The director of the Iowa Department of Human Services has won senate confirmation to stay in the job, despite complaints from some senators about controversial closings of state-run Mental Health Institutions in Clarinda and Mount Pleasant and the Iowa Juvenile Home in Toledo.
DHS chief Chuck Palmer was confirmed for another four-year term in the job by a vote of 39-11.
Senator Rob Hogg, a Democrat from Cedar Rapids, calls the closings illegal because the legislature never approved them.
“So this is a gut check moment for this body,” Hogg said. “I think it is essential that we say, ‘No, we are not going to tolerate lawbreakers as directors of our departments.'”
Senator David Johnson, a Republican from Ocheyedan, said Palmer is a compassionate and stable leader.
“This is a gut check,” Johnson said. “…I have full confidence in director Palmer.”
Johnson also discounted a district court judge’s ruling that Governor Branstad overstepped his authority in closing the Juvenile Home.
“What a judge says is an opinion,” Johnson said. “I haven’t seen anything there that negates what happened last November. Elections have consequences and if there was a lack of confidence by the people in the direction that we’re going, we would have heard that.”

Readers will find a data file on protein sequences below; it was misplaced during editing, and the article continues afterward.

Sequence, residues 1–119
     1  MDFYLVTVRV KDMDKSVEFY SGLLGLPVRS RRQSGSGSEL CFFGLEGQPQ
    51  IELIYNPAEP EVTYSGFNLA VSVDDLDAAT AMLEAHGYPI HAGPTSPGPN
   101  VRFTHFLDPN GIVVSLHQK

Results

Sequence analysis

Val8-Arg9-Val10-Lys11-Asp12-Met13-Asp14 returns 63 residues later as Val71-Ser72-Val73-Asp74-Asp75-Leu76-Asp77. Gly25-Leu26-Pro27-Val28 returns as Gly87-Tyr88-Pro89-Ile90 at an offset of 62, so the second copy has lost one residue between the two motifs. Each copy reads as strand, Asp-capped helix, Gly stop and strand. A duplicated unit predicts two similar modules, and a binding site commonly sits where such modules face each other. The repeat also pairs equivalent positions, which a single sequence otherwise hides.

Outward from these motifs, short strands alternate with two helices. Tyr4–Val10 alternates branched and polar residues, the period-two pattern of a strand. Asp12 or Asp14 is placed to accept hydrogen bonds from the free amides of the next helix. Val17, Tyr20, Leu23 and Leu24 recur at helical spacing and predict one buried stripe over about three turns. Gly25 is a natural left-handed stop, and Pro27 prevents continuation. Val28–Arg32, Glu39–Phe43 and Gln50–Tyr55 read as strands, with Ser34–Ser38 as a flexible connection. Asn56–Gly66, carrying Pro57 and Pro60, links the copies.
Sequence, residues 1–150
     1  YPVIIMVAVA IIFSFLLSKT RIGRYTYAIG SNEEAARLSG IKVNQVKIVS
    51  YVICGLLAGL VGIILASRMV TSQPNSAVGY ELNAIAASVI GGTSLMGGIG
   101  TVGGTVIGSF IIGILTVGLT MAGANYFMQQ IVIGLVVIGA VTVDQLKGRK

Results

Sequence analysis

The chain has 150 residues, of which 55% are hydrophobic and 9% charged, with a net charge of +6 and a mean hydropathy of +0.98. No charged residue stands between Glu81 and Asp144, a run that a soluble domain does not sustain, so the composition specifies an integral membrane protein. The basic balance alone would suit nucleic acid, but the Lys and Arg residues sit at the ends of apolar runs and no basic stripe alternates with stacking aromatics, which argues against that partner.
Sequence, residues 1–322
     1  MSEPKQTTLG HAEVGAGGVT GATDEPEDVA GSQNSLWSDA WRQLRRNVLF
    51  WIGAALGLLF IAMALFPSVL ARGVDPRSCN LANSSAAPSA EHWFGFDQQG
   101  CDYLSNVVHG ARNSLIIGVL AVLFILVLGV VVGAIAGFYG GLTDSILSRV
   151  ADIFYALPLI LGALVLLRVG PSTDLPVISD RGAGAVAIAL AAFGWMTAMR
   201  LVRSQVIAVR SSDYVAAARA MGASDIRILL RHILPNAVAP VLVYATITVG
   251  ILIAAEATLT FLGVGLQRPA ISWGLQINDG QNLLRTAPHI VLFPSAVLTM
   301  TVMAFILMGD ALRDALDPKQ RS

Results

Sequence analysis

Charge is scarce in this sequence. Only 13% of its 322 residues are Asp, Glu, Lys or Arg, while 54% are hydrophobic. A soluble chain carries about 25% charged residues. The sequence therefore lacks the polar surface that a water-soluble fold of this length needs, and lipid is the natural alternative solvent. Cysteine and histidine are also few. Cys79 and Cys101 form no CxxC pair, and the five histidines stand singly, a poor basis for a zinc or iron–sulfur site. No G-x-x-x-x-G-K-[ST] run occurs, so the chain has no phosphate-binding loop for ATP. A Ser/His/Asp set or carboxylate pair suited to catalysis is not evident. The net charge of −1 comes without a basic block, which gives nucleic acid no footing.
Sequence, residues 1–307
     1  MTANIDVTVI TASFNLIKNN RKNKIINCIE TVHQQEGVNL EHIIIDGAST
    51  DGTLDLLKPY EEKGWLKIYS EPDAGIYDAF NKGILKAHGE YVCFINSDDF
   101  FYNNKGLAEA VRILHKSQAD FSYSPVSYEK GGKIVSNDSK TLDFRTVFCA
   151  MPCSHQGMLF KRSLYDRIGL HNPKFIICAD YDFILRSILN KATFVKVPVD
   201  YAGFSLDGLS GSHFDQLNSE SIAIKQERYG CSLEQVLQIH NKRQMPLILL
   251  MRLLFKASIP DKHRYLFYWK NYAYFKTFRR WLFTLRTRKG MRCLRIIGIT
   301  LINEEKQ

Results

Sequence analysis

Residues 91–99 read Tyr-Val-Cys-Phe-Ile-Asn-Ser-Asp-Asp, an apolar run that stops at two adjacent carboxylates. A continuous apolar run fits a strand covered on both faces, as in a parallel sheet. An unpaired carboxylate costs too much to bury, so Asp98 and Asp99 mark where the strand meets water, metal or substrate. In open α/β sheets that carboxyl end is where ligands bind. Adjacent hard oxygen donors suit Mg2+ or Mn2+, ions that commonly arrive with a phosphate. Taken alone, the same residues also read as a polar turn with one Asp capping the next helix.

Senator Rich Taylor, a Democrat from Mount Pleasant, responded to Johnson.
“There would have been a bigger consequence to last November had the people of Iowa known the governor for three years has been planning to close these two mental health institutions,” Taylor said, “but he didn’t bother to tell anybody about that before the election.”
Palmer got five more votes than the two-thirds support he needed to win confirmation. The state senate on Tuesday also voted to confirm the governor’s budget director for another four year term. The woman who’s been leading the Department of Administrative Services since the governor fired the former director last year was also confirmed by the senate yesterday.